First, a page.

Folks who have gone on to graduate school and become professors of environmental literature teach, write, publish, and lead professional organizations. None of us followed this career path for the money, but I suppose that the average "top" jobs in the profession feature salaries of about 70K. (Some people undoubtedly make more than that - and some, like me, far less!)

How can an aspiring environmental writer or editor "get their foot in the door?"

Pursue a solid education, make connections with people whose work you admire, get into the field (spend time outdoors!), and ask good questions of people. Getting to know people is, as in any field, key.

Please name three of the top professionals in Environmental Literature today. How did they get to the top?

Lawrence Buell, a professor at Harvard University, John Elder, a professor at Middlebury College, and Sue Ellen Campbell, a professor at Colorado State University come to mind as achievers in the field, although there are others, too. These people got to where they are by pursuing excellent educations, undertaking groundbreaking research and writing projects, and sharing their work in very generous and collegial ways with their colleagues and with students. They also made real efforts to bring people together and create community. This may sound funny, but they also thought clearly and wrote clearly (and still do) - real assets in our society.

Does a professor of Environmental Literature teach courses in other topics?

Yes, at most institutions. I teach courses in freshman composition, in advanced writing, in American literature, and in interdisciplinary Environmental Studies.

How is the job market in the industry? What do you think it will be like in five years?

The job market for people who want to be professors in any literary field is tight, but not impossible. I always encourage my students to pursue their passions: jobs follow. Jobs always seem to appear for people who live passionately and pursue their true interests with energy and creativity.

The Industry

How has the popularity of the Internet affected the field of Environmental Literature?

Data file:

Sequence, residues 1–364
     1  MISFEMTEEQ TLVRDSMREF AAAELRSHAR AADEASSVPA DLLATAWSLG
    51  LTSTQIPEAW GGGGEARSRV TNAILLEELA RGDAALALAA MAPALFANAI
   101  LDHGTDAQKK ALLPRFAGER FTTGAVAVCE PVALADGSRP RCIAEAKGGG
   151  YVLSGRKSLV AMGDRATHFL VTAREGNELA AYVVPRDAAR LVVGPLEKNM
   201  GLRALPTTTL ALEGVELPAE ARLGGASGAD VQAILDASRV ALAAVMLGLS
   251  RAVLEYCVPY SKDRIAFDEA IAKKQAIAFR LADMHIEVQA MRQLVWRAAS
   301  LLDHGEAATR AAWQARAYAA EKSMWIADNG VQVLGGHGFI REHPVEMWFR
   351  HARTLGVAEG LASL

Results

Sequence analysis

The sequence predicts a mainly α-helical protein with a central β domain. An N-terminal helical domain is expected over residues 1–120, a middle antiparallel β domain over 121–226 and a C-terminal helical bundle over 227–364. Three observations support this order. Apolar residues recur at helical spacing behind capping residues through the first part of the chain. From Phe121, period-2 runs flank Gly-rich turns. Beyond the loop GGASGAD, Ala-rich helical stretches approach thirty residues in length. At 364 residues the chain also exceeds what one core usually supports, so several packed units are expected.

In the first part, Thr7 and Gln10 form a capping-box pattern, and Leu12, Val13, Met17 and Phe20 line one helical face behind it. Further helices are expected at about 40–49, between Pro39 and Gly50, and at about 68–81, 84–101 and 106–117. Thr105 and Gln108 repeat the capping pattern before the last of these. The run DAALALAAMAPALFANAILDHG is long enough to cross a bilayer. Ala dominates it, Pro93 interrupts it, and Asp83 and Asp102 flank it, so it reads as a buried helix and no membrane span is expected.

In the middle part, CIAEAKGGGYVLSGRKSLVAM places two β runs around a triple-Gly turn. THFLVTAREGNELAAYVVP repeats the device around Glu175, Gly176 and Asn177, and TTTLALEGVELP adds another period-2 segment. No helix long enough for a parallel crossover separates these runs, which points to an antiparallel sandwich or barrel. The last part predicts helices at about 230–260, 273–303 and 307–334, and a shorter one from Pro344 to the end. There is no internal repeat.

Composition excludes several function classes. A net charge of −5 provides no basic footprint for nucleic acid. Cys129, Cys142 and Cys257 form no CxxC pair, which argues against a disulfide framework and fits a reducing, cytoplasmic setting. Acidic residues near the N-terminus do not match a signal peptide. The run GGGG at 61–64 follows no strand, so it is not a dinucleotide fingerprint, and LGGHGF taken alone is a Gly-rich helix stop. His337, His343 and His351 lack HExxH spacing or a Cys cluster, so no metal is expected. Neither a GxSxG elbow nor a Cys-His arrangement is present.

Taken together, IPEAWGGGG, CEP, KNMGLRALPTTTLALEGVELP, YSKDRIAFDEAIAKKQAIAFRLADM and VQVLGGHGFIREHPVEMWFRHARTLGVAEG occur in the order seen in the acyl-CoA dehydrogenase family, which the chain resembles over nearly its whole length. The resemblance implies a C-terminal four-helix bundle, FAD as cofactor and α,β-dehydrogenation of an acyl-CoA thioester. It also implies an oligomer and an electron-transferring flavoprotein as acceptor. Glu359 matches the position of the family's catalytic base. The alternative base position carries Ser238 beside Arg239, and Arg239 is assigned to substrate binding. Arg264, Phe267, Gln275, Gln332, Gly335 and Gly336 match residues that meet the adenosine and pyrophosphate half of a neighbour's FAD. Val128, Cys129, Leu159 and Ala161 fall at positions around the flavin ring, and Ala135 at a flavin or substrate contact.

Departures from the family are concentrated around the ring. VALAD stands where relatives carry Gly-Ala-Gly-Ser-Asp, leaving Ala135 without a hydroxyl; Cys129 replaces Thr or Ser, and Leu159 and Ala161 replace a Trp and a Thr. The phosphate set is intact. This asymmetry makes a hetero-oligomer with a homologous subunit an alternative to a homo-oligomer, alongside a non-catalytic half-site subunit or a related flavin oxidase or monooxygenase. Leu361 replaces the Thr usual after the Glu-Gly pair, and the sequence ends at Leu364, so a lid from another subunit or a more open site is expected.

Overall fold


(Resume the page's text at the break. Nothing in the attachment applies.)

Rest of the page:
Email has helped us all communicate. What a gift that has been! Like most people, our community is better in touch with each other and has easier access to more information through the Internet. Personally, I also benefit from knowing which rare books and manuscripts are for sale at a given time, from accessing early American periodicals online, and from the networks of communication made possible through the web.

What are some of the top challenges for professionals in the field?

I think that one of the top challenges for any scholar of literature is articulating the powers of language in people's lives. I also struggle with helping students realize the complexity of our environmental legacy - not just in ecological terms but in terms of values, attitudes, and assumptions that we hold, and in terms of beliefs that we do not know how to question.

Closing Remarks

Is there anything else you can tell us about yourself, your career, or the profession that would be interesting or helpful to others aspiring to enter and succeed in Environmental Literature?

I cannot imagine a more fulfilling, rewarding career that my career as a scholar and teacher of literature and Environmental Studies. As my dissertation director and main graduate school professor, Robert N. Hudspeth, once said, "I have the best job in the world. I am paid to read great books and talk about them with interesting people." Each day, I work to help students find their passions and to recognize their power as individuals shaping our world, and my medium for doing that is language.